BALANCE SHEET Banking Awareness Notes

      No Comments on BALANCE SHEET Banking Awareness Notes




A balance sheet is a document which is a summary of the financial balances of an individual or organisation, whether it be a sole proprietorship, a business partnership, a corporation, private limited company or other organization such as Government or not-for-profit entity.

  • A balance sheet is often described as a “snapshot of a company’s financial condition”, which shows the financial position of a company at a particular point of time.
  • The Balance Sheet is a hugely important report and is divided into three main segments – assets (often divided into current assets and fixed assets), liabilities and shareholder equity or retained earnings.

Components of a balance sheet: 

  • Assets
  • Liabilities
  • Equity / Ratio

Assets: 

  • Assets at present: These are assets that may be converted into cash, sold or consumed within a year or less. Current Assets include cash, marketable securities, Account and notes receivables, inventories etc.
  • Fixed: Fixed assets are those tangible physical facilities owned by an enterprise, which are permanent/durable in nature. Fixed assets are not turned over, meaning they are not converted into cash. For example: Land and building, machinery, tools, equipments etc.
  • Intangible: These assets do not exist in physical form but are notional possessions owned by an enterprise. These assets generally don’t have real money value but are important for a company. For example: patents, goodwill, trade-mark etc.

Liabilities: 

  • Current liabilities: Those obligations of a company which are payable on demand or within a period of less than 1 year from the date of the balance sheet.
  • Term Liabilities: A term liability is a debt which matures after a period of 12 months from the date of the balance sheet.
  • Net Worth: The net worth of a company is the owner’s stake in the business. It is a liability of a company towards its promoters. It is therefore an important item on the balance sheet onwhich a lending banker can rely.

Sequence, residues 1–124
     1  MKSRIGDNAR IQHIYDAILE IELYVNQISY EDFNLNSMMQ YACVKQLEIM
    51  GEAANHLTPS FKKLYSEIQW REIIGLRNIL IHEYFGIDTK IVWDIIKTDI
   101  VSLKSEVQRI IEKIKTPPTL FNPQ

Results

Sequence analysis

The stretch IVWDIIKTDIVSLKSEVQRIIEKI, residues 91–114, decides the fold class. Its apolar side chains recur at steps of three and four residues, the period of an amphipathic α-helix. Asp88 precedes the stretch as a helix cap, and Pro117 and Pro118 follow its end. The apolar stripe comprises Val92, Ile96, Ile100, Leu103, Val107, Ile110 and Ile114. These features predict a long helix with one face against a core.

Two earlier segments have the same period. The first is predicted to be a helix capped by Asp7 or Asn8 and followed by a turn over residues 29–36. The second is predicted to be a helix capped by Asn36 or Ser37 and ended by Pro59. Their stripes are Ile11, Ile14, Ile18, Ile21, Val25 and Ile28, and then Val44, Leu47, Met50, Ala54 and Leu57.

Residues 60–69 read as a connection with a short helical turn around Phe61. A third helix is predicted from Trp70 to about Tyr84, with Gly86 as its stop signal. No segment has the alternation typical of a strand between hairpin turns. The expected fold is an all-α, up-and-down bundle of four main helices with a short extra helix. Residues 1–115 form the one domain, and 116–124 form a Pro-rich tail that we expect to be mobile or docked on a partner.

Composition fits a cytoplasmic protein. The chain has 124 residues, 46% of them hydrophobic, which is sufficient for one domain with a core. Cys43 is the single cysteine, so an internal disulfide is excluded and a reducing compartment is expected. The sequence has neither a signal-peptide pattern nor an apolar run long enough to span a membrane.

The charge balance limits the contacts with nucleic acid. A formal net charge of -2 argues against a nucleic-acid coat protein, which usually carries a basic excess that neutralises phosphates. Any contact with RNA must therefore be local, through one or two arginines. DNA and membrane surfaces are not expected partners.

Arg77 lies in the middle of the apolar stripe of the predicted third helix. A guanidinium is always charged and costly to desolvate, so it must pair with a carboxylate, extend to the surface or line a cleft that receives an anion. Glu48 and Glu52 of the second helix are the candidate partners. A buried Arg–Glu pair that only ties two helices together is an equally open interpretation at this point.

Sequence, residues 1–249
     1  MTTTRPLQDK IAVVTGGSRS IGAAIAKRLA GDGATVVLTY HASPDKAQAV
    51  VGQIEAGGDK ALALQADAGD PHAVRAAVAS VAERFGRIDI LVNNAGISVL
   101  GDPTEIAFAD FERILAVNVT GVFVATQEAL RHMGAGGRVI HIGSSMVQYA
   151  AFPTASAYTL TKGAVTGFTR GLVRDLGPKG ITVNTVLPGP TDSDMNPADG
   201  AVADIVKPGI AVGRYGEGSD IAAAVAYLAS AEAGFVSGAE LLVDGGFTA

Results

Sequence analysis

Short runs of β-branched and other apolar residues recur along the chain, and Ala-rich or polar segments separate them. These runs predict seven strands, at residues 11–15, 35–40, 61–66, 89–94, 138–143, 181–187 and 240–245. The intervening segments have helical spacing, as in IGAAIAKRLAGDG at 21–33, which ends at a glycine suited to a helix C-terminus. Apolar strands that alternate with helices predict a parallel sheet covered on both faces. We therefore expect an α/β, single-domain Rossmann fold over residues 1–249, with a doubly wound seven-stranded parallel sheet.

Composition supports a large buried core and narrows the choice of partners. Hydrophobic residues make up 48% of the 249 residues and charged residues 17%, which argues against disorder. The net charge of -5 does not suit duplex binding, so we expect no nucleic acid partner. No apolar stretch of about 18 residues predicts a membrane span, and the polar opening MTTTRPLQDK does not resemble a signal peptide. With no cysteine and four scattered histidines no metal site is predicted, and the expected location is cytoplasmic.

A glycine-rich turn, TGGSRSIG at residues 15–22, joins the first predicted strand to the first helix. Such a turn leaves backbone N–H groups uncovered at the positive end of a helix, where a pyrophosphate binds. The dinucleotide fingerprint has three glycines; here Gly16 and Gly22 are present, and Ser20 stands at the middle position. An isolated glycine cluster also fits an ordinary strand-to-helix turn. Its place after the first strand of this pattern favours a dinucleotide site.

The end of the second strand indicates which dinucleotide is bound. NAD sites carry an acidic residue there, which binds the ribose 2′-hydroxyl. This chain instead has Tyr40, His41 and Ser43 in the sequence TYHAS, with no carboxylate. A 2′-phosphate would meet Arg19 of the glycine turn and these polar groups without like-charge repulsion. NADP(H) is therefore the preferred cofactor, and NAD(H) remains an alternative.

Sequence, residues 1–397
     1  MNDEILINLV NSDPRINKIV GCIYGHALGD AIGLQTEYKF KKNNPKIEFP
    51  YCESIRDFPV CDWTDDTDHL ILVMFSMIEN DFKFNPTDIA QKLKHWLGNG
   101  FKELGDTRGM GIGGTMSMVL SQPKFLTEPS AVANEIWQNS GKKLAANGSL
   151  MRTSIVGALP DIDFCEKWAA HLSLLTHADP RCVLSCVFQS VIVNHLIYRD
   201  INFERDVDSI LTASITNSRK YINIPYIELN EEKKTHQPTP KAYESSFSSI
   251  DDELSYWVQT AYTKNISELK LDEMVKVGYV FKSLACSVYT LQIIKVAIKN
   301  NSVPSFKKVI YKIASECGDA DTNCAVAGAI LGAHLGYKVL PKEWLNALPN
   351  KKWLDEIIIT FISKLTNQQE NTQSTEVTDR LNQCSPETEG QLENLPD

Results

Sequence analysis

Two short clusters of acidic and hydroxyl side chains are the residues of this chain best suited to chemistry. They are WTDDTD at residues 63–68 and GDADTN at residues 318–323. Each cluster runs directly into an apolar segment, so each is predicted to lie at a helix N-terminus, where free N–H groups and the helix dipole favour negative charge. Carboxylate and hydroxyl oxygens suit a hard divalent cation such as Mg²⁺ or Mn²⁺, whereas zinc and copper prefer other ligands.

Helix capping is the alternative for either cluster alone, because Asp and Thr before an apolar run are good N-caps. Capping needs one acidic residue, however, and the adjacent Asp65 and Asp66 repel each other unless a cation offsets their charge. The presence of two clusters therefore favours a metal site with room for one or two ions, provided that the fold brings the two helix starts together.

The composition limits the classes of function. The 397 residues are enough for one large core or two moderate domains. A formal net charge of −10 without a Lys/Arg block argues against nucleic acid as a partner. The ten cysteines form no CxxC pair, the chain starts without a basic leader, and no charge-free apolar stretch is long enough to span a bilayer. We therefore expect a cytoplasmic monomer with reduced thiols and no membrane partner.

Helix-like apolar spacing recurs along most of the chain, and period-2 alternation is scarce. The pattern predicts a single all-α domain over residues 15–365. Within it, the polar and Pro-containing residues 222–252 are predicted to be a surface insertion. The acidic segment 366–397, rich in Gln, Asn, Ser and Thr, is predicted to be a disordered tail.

• Specific Reserves and Provisions: Specific Reserves and Provisions are created for the payment of taxes, dividends and other contingencies.

 

RATIOS:
Ratios with respect to Liquidity: 

  • Current Ratio – Ratio of current assets to current liabilities.
  • Quick Ratio – It is an index of the solvency of an enterprise. Basically quick ratio is the ratio of (Current assets-inventories) and current liabilities.

Ratio with respect to Financial Stability: 

  • Debt-Equity Ratio – This ratio indicates the relative proportion of shareholders’ equity and debt usedto finance a company’s assets.

Ratios with respect to Profitability:

  • Return on investment ratio– This ratio measures the operating efficiency of a companywithout regards to financial structure.
  • Return on Equity Ratio– It is the ratio of net income of a business during a period to itsstockholders’ equity during that period.

CAPITALS AND RESERVES:

  • Capital and reserves is the difference between total assets and total liabilities in the balance sheet. It represents the equity interest of the owners in an entity and is the amount available to absorb unidentified losses.
  • Shareholder equity or retained earnings (known as capital and reserves in KashFlow) is also known as the ‘book value’, and is the difference between assets and liabilities;
  • It represents what’s left after all of a company’s debts have been paid off. It’s also a pretty good reflection of how strong a company is financially.

FOREIGN EXCHANGE RESERVES:

  • Foreign-exchange reserves (also called forex reserves or FX reserves) is money or other assets held by a central bank or other monetary authority so that it can pay if need be its liabilities, such as the currency issued by the central bank, as well as the various bank reserves deposited with the central bank by the government and other financial institutions.
  • In other words, Foreign exchange reserves are reserve assets held by a central bank in foreign currencies, used to back liabilities on their own issued currency as well as to influence monetary policy.
  • Reserves are held in one or more reserve currency, mostly the United States dollar and to a lesser extent the Japanese yen.

Leave a Reply

Your email address will not be published. Required fields are marked *